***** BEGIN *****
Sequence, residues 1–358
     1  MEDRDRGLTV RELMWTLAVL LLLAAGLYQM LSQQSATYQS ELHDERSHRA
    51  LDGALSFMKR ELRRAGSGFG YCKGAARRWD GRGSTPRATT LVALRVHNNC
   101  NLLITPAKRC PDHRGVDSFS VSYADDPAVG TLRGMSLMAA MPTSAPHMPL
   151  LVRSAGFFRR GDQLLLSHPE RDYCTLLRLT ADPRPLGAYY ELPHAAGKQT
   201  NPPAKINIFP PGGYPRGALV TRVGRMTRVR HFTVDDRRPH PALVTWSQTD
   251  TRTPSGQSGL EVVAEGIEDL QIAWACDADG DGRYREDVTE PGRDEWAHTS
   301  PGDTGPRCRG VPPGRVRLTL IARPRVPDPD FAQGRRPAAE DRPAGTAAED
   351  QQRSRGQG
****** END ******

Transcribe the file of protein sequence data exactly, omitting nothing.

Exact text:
Sequence, residues 1–358
     1  MEDRDRGLTV RELMWTLAVL LLLAAGLYQM LSQQSATYQS ELHDERSHRA
    51  LDGALSFMKR ELRRAGSGFG YCKGAARRWD GRGSTPRATT LVALRVHNNC
   101  NLLITPAKRC PDHRGVDSFS VSYADDPAVG TLRGMSLMAA MPTSAPHMPL
   151  LVRSAGFFRR GDQLLLSHPE RDYCTLLRLT ADPRPLGAYY ELPHAAGKQT
   201  NPPAKINIFP PGGYPRGALV TRVGRMTRVR HFTVDDRRPH PALVTWSQTD
   251  TRTPSGQSGL EVVAEGIEDL QIAWACDADG DGRYREDVTE PGRDEWAHTS
   301  PGDTGPRCRG VPPGRVRLTL IARPRVPDPD FAQGRRPAAE DRPAGTAAED
   351  QQRSRGQG